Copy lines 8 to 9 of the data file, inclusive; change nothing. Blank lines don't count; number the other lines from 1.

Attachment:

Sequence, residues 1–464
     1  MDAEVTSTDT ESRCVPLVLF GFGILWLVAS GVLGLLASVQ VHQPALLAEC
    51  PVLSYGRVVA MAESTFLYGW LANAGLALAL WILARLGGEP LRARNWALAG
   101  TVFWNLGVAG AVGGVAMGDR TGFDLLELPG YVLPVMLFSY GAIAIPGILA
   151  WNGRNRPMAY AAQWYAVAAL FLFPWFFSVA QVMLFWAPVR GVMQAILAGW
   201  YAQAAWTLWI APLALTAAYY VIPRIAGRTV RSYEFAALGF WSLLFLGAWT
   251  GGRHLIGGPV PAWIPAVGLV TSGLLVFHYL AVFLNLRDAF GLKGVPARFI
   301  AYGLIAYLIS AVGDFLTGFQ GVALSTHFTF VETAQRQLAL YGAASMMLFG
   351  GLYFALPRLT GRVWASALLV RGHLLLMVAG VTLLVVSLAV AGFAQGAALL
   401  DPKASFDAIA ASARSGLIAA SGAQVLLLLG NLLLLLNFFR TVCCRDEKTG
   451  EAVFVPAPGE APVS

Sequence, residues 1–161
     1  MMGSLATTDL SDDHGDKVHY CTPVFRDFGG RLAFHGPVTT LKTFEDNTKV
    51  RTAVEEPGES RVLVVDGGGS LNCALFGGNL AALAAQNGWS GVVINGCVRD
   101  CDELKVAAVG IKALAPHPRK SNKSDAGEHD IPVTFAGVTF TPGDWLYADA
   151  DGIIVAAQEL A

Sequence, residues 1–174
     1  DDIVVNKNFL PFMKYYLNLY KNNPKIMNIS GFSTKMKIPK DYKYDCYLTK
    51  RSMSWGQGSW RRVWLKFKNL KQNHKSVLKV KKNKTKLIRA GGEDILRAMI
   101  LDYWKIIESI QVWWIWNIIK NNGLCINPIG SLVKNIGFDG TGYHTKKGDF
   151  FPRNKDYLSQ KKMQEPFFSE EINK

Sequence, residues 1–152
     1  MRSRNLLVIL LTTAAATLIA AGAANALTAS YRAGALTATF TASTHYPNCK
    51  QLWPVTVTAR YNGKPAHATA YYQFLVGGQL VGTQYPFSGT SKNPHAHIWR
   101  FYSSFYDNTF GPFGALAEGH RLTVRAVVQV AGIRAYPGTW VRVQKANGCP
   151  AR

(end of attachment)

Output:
   301  AYGLIAYLIS AVGDFLTGFQ GVALSTHFTF VETAQRQLAL YGAASMMLFG
   351  GLYFALPRLT GRVWASALLV RGHLLLMVAG VTLLVVSLAV AGFAQGAALL